Citizens United: 13 Myths That Prove Voters Have Nothing to Worry About This November


 “The concept that government may restrict the speech of some elements of our society in order to enhance the relative voice of others is wholly foreign to the First Amendment.”1

--Buckley v. Valeo, (1976).

There have been countless debates about the Supreme Court case Citizens United v. Federal Election Commission, most commonly referred to simply as Citizens United. Many are saying that Citizens United spells out the end of democracy as we know it, but I'm here to debunk 13 of the most commonly made, and most wrong, claims. 

1. Claim: Corporations reflect an influential minority of America and should not be allowed to speak collectively because the aggregation of their wealth drowns out other stakeholders.

 Voters consistently list job creation as their number one priority for the next president. They should want a president who will take seriously the advice of the companies that actually hire workers. Workers see the economy differently than business owners. This is not an admission of superiority for either view, but simply recognition of that variance.

For instance, the Advanced Medical Technology Association estimated that Minnesota could lose 2,700 medical technology jobs because of the 2.3% medical device tax contained in the Affordable Care Act. Politicians from both parties in Minnesota are concerned that the tax could have a detrimental impact on the Minnesota economy.

Medtronic, a large medical device corporation based in Minnesota, undoubtedly has more money to spend than a private citizen on independent expenditures. Is that such a bad thing? The medical device tax that may be absolutely necessary to save lives through expanded medical insurance might also put people out of work and prevent the unemployed manufacturing workers from getting back in the economy. Workers who could have been hired but weren’t highly unlikely to organize and to make independent expenditures. If the public is going to decide important and meaningful issues, like the medical device tax, it deserves to hear fully from both sides of the issue.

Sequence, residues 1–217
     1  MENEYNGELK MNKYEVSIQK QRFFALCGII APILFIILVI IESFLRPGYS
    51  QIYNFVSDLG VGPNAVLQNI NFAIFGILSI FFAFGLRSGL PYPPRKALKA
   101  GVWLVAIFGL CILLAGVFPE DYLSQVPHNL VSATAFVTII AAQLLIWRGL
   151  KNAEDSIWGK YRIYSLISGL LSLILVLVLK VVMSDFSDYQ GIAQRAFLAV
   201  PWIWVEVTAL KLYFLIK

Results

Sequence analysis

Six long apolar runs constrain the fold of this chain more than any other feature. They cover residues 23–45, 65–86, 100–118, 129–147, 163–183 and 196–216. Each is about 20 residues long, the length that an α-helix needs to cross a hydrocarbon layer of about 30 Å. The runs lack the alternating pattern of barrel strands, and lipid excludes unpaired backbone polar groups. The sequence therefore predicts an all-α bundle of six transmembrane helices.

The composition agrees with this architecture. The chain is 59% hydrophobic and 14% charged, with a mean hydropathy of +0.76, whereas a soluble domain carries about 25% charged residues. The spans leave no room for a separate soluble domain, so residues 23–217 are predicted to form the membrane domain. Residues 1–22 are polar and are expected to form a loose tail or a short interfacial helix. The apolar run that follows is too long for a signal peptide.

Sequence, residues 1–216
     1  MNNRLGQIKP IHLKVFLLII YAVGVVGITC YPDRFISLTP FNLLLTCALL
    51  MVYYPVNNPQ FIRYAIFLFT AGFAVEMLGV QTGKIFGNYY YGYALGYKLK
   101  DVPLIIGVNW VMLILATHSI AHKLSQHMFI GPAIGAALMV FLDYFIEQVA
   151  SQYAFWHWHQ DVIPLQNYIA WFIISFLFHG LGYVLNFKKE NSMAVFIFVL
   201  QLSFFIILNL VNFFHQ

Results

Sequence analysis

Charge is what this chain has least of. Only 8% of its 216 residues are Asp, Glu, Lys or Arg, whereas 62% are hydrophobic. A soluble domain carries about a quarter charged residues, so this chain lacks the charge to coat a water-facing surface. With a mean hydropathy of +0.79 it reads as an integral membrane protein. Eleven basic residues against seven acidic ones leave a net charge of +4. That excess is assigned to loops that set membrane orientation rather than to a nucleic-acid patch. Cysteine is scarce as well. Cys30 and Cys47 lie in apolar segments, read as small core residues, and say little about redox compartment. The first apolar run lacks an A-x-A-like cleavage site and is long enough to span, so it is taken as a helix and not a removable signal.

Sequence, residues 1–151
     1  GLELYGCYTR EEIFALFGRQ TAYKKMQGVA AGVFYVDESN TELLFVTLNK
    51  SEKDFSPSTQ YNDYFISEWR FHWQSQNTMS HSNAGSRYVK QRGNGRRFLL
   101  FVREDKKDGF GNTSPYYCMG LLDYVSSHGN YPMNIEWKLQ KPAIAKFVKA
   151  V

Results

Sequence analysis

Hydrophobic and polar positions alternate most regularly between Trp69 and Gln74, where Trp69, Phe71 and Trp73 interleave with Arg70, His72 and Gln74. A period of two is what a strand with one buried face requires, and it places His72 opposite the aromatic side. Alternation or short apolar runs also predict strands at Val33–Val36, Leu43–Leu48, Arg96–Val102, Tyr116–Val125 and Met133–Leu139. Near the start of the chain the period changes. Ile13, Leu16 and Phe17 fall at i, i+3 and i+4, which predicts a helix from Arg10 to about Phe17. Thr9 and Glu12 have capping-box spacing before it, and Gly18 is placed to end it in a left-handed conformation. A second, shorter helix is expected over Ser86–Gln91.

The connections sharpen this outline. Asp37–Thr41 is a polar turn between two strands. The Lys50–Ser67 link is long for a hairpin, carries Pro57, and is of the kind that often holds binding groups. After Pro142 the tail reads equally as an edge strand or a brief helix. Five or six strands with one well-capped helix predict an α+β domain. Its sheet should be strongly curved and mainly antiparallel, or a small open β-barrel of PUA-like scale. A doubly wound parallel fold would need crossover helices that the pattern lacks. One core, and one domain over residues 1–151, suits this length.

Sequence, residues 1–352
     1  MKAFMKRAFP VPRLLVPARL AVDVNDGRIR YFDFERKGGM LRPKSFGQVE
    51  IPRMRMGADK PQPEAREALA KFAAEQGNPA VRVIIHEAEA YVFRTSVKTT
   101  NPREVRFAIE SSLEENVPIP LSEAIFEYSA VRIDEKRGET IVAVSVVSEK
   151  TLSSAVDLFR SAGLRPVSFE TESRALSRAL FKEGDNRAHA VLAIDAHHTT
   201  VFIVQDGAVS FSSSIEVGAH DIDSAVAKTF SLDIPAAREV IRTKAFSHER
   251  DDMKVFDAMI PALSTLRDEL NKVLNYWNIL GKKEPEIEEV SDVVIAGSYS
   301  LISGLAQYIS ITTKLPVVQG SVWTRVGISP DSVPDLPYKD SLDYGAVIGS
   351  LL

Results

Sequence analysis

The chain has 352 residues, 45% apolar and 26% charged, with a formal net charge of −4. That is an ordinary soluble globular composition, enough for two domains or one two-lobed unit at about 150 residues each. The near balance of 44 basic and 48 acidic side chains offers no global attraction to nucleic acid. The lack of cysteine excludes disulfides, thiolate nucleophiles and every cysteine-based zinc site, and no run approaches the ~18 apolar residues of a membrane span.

2.  Claim: Large concentrations of wealth will be used to advance issues that benefit the bottom line of corporations, because all corporations care about are regulations and taxes.

 Corporations are often used interchangeably with special interests groups to paint a picture of insidious perversion of democracy, a picture that treats the Super-PAC as the manifestation of that perversion. However, the independent expenditures made by a Super PAC are not inherently wrong.

Amazon founder Jeff Bezos donated $2.5 million to a PAC advocating in favor of gay marriage in Washington State. This PAC has accepted support from unions, associations, and concerned citizens like Bezos. This entire enterprise of promoting gay marriage is predicated on the freedoms offered by Citizens United to engage in independent expenditures.

The First Amendment, at its core, is a protection for minority viewpoints against the power of the majority. Sometimes the viewpoint espoused is in the minority because the speaker possesses an “immense aggregations of wealth”2 but the viewpoint of the speaker could be discriminated against because of sexual orientation, religious beliefs, or any other status that engenders dislike from opponents, and we would defend the right of that speaker.

3. Claim: Citizens United will unleash a tidal wave of money on candidates for federal political office, and ExxonMobil will be cutting checks to Sen. Doe (R-Oil).

Citizens United only applies to independent expenditures by corporations and labor unions and does not allow contributions by for-profit or nonprofit advocacy corporations directly to candidates for federal office. Supreme Court precedent establishes a clear line of segregation between expenditures for a campaign and independent expenditures.3

4. Claim: Corporations with millions of dollars in profits will heavily skew public debate away from average citizens.